June 21, 2024
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June 21, 2024
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In the past decades we have seen several movements that demand immediate action. Peace activists declare, “Peace Now!” Messianists declare, “Moshiach Now!” I am struck by the fact that causes for which we are inclined to demand immediate results are those that tend to be beyond our sphere of control. No matter how much I may want peace, I cannot achieve it without cooperation from others, whom I do not control. Similarly, no matter how many good deeds or mitzvot I do, I cannot forcibly bring the Messiah. On the other hand, I can control how I relate to my child, and hence, I suggest the founding of a movement, “Developmentally Attuned Parenting Now!”

When I practice developmentally attuned parenting, I see the child based on his or her individual development, capabilities and limitations. I relate to him or her based on where he or she is truly holding, and not based on a fantasy vision of where I wish my child to be. I set “SMART” goals for my child, meaning that they are specific, measurable, attainable, relevant and timely.

In times of war, trauma and stress, we may find ourselves withdrawing into our personal, idiosyncratic place. It becomes much harder to empathize and display compassion for anyone else as we are all feeling drained and washed out. Concurrently, it’s easy to become mis-attuned to those closest to us. Our families are thus often the uncounted casualty of war.

The current situation in Israel is incredibly difficult to emotionally navigate. Many of us have a spouse or children in direct danger. Many have been evicted from their homes. Outside of Israel, these evicted citizens are referred to as refugees of war. Within Israel, they are fellow Israelis for whom we open our homes and places of business.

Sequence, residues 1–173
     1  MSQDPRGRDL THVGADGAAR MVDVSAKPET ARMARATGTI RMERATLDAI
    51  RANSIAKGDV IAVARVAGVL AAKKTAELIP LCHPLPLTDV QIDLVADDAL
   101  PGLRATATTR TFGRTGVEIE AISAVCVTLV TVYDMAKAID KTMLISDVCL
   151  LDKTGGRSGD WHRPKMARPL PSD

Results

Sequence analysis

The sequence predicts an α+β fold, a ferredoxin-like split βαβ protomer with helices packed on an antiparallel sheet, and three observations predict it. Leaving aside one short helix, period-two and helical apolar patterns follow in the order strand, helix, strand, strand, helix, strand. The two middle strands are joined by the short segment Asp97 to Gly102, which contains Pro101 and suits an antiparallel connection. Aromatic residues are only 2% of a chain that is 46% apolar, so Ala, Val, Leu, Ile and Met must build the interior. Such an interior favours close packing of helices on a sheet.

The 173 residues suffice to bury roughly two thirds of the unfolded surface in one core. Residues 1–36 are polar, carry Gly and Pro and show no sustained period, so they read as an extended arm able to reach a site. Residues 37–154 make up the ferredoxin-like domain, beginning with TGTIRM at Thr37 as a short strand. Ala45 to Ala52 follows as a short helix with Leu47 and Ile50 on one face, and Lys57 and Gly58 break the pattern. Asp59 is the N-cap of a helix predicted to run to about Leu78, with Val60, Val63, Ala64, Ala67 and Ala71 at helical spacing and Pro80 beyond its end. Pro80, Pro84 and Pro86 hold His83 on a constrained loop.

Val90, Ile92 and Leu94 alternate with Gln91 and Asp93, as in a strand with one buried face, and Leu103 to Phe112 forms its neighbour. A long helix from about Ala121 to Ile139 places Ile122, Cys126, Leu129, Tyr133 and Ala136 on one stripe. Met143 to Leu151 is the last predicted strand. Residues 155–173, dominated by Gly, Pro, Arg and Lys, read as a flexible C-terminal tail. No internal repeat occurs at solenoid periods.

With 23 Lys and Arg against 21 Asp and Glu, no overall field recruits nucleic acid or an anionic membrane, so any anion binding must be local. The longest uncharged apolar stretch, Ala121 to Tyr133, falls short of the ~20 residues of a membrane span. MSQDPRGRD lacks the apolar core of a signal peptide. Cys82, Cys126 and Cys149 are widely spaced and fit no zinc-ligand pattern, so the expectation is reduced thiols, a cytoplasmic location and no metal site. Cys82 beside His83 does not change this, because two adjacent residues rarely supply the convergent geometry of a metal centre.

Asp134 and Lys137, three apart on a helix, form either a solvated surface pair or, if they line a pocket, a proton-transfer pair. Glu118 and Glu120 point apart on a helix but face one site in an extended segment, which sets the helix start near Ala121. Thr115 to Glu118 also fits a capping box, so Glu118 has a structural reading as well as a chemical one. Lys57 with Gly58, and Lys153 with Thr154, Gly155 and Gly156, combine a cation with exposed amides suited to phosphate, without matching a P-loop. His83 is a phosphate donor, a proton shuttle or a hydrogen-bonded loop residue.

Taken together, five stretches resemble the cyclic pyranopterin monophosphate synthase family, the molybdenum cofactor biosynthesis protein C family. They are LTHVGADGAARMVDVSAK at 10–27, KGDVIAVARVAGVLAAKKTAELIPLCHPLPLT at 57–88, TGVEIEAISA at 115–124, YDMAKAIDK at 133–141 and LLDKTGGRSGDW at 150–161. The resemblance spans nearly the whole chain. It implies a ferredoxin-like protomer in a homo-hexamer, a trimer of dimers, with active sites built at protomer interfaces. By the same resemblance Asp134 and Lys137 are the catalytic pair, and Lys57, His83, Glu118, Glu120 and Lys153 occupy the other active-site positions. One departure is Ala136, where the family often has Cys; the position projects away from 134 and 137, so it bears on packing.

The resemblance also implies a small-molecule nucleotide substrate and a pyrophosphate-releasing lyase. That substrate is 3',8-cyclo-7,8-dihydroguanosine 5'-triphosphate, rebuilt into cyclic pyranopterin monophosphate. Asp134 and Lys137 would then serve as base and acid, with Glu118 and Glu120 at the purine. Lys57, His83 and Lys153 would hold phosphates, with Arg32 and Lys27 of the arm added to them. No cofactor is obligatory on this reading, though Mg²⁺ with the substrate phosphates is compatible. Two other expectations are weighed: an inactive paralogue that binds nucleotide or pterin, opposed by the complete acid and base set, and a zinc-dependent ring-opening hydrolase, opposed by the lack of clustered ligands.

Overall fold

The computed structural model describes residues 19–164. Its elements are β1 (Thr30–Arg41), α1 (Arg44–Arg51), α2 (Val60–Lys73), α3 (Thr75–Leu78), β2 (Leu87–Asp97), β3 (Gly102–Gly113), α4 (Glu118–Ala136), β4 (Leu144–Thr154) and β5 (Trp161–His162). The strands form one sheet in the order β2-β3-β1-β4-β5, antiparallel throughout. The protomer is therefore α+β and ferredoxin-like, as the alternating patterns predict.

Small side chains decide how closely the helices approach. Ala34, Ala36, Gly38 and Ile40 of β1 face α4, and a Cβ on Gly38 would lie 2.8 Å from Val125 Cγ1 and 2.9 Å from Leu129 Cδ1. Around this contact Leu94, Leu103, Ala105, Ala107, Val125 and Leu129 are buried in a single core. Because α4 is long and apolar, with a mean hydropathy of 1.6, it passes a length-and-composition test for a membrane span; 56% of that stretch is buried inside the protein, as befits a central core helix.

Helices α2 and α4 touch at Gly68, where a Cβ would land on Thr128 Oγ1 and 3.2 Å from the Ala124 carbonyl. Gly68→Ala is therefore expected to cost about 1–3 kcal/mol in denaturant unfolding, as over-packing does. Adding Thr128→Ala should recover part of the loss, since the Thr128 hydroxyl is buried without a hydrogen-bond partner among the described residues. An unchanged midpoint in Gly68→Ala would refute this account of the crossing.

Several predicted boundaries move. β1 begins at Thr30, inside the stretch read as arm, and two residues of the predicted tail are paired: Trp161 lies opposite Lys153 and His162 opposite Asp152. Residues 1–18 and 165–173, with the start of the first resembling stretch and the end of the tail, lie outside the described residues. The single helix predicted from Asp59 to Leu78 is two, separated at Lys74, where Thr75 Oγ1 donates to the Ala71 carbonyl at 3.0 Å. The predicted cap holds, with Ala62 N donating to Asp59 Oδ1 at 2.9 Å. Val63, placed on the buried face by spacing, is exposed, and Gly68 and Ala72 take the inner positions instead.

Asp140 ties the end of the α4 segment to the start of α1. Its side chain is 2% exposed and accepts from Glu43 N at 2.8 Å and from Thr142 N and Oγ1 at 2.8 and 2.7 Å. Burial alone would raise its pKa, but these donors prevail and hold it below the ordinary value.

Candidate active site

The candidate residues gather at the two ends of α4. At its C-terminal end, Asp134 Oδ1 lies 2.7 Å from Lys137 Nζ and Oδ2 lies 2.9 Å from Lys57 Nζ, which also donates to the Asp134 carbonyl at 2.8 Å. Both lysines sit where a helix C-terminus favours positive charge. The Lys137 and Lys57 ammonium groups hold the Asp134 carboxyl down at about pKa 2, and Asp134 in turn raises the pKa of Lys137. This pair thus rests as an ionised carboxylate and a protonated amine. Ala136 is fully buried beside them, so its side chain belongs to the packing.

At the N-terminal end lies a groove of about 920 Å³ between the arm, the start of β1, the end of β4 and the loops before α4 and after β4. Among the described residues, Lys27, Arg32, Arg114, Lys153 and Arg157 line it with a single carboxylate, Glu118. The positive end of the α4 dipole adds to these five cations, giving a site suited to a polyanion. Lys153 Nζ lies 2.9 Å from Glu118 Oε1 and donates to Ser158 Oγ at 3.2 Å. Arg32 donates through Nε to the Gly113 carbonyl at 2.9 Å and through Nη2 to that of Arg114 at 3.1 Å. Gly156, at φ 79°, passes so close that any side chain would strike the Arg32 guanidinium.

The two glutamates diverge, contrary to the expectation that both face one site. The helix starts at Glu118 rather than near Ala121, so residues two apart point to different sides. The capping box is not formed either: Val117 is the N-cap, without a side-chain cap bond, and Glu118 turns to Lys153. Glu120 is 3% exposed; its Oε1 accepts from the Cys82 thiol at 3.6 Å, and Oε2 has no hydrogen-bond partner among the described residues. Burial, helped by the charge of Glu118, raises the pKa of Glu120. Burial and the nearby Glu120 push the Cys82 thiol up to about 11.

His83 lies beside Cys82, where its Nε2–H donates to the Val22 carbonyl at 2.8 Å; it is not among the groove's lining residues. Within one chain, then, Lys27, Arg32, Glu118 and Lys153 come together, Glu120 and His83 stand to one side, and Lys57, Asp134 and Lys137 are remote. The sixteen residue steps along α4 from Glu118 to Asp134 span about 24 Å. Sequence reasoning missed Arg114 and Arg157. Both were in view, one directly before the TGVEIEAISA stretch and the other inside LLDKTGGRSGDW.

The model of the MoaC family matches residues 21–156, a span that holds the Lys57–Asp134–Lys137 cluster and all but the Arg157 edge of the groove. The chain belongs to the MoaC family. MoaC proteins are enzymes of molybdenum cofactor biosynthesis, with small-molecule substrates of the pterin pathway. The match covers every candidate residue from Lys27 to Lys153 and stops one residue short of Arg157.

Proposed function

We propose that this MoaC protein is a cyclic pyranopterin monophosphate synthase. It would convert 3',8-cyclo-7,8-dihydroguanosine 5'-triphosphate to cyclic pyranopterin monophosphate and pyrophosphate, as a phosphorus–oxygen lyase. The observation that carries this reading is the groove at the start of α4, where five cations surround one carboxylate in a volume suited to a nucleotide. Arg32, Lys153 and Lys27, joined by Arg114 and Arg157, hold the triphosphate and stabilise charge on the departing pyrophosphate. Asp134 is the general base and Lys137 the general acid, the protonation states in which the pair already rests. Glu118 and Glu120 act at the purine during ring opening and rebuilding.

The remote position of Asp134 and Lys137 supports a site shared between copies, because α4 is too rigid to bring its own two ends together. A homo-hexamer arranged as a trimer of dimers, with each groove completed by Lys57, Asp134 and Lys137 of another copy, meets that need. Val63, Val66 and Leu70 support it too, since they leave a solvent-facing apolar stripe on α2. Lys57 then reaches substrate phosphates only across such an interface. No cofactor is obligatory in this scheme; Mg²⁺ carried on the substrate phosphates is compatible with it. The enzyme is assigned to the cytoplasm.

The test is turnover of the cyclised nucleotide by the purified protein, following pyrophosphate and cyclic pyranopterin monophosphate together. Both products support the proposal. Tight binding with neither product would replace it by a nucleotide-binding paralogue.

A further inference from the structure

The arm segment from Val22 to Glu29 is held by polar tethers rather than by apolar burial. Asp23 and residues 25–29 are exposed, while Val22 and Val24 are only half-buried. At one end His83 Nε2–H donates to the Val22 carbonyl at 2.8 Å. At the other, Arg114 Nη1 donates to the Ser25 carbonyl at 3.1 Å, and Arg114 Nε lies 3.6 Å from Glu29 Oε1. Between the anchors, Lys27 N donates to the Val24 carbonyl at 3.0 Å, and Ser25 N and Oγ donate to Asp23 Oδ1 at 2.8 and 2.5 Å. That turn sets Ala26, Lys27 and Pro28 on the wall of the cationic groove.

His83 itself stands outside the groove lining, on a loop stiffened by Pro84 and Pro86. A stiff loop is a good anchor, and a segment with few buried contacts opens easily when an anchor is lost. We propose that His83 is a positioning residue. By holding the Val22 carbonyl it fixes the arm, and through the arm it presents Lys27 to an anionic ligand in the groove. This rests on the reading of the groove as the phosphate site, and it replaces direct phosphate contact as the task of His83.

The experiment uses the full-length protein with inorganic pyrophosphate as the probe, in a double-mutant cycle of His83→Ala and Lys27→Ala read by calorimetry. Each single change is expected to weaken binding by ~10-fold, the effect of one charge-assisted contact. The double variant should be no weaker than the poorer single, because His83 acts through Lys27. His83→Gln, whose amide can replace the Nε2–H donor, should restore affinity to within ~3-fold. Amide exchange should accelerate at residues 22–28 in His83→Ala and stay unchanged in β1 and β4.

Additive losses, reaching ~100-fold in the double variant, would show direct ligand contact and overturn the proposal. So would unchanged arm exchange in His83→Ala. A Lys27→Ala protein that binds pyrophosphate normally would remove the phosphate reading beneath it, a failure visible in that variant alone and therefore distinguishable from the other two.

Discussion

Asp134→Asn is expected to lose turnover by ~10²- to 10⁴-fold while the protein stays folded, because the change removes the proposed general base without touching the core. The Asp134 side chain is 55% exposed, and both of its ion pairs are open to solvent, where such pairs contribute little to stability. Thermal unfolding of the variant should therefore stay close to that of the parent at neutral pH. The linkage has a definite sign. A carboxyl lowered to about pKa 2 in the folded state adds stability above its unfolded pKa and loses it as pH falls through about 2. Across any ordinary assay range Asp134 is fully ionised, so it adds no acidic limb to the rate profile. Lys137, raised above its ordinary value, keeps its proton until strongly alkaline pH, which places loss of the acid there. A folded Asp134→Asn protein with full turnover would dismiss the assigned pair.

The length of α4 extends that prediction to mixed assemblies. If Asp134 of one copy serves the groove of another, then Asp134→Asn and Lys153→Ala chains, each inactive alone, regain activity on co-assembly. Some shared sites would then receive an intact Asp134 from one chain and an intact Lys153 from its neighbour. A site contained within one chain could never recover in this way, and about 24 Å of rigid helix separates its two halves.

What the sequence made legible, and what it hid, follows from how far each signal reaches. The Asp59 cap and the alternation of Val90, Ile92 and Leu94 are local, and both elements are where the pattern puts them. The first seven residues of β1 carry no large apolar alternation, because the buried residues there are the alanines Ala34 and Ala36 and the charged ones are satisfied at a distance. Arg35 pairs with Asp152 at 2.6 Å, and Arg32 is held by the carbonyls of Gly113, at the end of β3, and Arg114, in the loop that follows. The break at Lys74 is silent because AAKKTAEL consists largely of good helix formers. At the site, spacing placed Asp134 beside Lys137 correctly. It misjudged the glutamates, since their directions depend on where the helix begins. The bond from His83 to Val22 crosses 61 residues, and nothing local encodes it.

There is no doubt that the emotional demands placed upon each of us have been compounded since October 7. Among humans, psychologists note that the first area of functions that deteriorate under stress are referred to as executive functions. The executive functions are brain functions that allow us to exhibit self-control and regulate our behaviors and emotions so that we act mindfully rather than react instinctively to the world around us. When we act mindfully, we are capable of choosing parenting behaviors that are attuned with the developmental needs of our children. When we react instinctively, our children are at the mercy of our whims, emotions and impulses.

We all possess the capability to parent in a developmentally attuned manner, even under the current stress of war. In order to do so we need to do the following:

  1. Increase self-care behaviors. Under stress the instinctive reaction is to cease taking care of ourselves. We tend to think that it is selfish to engage in acts of self-care when others are in danger. This is correct if you are in an acute situation that requires an immediate response. For example, if you see a speeding car heading towards a toddler, clumsily crossing a street, you may take a risk and push the toddler out of harm’s way. Our current war situation is not analogous to the toddler. Days are turning into weeks, weeks into months, and perhaps months into years. Because we are in a chronic situation of heightened stress, neglect to self-care will render us useless to help others. If you wish to be developmentally attuned as a parent, you must take care of your personal needs first. Whether it’s physical exercise, study, meditation, visiting family and friends or praying, it is essential to take care of yourself, in order to have the basic strength to parent your children.